My fondest memory from covering Occupy Wall Street was a group of pranksters called the Tax Dodgers who sang humorous songs about economic policy and pitched a baseball through a hula-hoop labeled “loophole.” They did not succeed in changing federal tax policy, prosecuting financial industry misconduct, or enacting student debt relief. But they provided a lighthearted boost for activists working on those and other causes. (And their jersey earned a spot in the National Baseball Hall of Fame museum.)
With zero chance of stopping the FCC’s upcoming vote to roll back net neutrality regulations, tech activists are encouraging some internet pranksterism to raise awareness, and raise spirits. Starting (officially) on Tuesday morning and running through the FCC’s vote on Thursday, people will be messing with their online presence in a campaign called #BreakTheInternet.
The organizer of this and other net neutrality protests, Fight for The Future, has provided a toolkit of suggestions and how-tos. Ideas include changing Facebook relationship status to “married to the Internet” and adding the job title: “Defending Net Neutrality” on LinkedIn. Another idea: Using Tweetdeck to schedule posts about net neutrality every 10 minutes for 48 hours. An online spreadsheet suggests tweets both serious and sarcastic.
If you search Twitter for #BreakTheInternet and scroll to before the protest was announced on December 5, you get very different topics: funny cat pictures, breakdancing videos, and a super-NSFW magazine cover of Nicki Minaj in, well, a ménage. It’s long been the hashtag for cool, funny, or salacious tidbits that grab an outsized portion of our overstretched multitasking attention. Now it’s calling for serious attention to protect free access to everything on the net—from serious to silly.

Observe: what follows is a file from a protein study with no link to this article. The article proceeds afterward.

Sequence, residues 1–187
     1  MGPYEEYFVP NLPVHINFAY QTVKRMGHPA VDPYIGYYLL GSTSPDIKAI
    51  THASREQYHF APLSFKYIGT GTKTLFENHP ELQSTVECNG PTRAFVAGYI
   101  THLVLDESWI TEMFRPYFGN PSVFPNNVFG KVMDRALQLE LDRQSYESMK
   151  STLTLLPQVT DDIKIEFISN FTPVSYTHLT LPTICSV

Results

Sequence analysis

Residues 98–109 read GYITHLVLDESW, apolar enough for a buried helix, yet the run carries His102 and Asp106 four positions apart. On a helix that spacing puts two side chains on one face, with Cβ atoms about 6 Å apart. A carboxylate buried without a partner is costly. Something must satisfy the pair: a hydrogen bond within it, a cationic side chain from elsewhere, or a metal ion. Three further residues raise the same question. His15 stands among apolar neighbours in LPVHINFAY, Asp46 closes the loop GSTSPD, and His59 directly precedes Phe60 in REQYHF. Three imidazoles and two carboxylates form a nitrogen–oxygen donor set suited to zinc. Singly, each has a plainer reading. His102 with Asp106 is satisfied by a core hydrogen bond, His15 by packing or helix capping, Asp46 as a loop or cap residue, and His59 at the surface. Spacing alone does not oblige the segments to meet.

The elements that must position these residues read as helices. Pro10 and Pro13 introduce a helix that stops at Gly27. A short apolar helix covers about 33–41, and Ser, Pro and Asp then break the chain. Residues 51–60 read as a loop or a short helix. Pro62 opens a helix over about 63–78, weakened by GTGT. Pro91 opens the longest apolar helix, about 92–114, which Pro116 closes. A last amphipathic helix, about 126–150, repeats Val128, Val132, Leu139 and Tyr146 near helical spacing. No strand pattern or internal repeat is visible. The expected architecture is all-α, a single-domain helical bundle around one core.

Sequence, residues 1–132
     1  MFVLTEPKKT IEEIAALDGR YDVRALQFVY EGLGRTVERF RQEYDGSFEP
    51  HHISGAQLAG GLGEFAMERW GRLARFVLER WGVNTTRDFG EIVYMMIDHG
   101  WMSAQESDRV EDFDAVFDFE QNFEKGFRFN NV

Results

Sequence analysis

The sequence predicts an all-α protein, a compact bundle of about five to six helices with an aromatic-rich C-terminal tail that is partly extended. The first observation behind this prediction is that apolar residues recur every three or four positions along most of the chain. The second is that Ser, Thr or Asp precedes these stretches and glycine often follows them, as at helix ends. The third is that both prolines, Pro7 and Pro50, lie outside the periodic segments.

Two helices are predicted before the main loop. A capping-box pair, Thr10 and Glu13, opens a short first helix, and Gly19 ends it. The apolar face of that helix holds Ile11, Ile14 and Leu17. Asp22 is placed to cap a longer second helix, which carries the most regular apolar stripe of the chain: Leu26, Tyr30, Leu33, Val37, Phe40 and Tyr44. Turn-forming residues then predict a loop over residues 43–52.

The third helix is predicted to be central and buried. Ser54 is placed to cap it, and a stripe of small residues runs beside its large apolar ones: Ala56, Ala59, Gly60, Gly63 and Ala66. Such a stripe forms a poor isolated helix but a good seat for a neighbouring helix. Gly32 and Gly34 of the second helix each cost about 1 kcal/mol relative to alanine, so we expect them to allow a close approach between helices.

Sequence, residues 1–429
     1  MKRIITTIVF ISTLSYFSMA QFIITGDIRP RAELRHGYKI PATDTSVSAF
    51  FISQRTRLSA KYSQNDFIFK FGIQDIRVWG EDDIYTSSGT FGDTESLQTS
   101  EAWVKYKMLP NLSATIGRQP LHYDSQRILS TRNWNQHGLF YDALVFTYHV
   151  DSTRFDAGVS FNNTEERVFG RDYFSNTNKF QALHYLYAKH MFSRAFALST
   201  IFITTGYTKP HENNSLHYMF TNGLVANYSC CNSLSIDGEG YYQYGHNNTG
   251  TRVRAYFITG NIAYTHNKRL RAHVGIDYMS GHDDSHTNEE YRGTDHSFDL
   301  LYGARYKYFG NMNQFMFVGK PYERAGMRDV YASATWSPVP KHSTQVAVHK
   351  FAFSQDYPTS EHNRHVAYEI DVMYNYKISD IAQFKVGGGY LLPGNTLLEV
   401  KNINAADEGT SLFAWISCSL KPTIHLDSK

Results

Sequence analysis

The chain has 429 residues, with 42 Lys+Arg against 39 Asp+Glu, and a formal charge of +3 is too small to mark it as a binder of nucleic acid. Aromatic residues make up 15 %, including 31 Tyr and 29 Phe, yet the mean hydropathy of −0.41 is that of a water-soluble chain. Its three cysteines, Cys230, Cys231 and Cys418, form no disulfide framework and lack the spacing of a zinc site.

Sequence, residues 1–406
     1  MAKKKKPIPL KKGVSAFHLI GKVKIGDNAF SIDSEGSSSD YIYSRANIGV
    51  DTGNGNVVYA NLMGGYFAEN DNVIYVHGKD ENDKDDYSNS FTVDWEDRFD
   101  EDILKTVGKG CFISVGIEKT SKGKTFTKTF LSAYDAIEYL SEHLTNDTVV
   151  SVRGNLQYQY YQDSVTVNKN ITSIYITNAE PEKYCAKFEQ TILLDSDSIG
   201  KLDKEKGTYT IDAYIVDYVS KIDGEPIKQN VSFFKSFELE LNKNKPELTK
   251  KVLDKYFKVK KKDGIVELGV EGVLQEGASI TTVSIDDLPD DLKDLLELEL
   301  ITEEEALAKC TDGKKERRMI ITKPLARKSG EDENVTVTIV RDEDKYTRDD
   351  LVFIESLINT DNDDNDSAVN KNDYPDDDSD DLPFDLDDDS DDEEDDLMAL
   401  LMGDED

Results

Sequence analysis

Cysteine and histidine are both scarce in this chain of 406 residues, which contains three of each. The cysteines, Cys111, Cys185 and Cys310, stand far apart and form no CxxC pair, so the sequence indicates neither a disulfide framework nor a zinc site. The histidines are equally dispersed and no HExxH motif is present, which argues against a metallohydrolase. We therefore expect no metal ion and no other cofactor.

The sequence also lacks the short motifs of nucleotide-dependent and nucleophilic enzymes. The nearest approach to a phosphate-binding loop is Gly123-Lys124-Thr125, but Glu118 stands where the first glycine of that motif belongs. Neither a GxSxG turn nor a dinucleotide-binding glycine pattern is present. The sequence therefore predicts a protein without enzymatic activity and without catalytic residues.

#BreakTheInternet is a lighthearted evolution of earlier online protests, like the September 10, 2014 “Internet Slowdown Day,” when websites displayed a fake “Loading…” message. It spoofed how ISPs might slow down access to sites they don’t like, such as competing video services, as the Democrat-controlled FCC was considering the strict net neutrality regulations it ultimately passed in 2015. (These are the same ones the Republican-controlled FCC will abolish on Thursday.)
If the Loading icon was humorous, it was certainly dark humor. Though even that was lighthearted compared to 2012, when activists protested U.S. antipiracy bills (SOPA and PIPA) that they would cause online censorship. Major sites, even Google, featured black rectangles covering much of their home page–a mockup of internet censorship.
This week’s protest has its serious side. Activists are encouraging people to contact Congress, in the hope that it can take action to at least postpone the FCC vote until irregularities, like potentially millions of fraudulent public comments, are resolved. It parallels other online efforts like petitions to Congress on Change.org (the leading one with well over a million votes) and on the White House’s Obama-era We The People site with over a quarter million names.
But there’s no realistic hope that a Republican-majority Senate and House will spring into action against a Republican-majority FCC. And corporate support is not what it used to be. Many major tech companies, like Google, have been quiet this time around. The usual suspects like Etsy, GitHub, Mozilla, and Reddit are still onboard, though.
Given the bleak outlook, #BreakTheInternet may be a bit of gallows humor to energize activists with laughter, as the Tax Dodgers did for Occupy. And with lawsuits inevitably to follow Thursday’s vote, net neutrality warriors will need a boost before the next battle starts.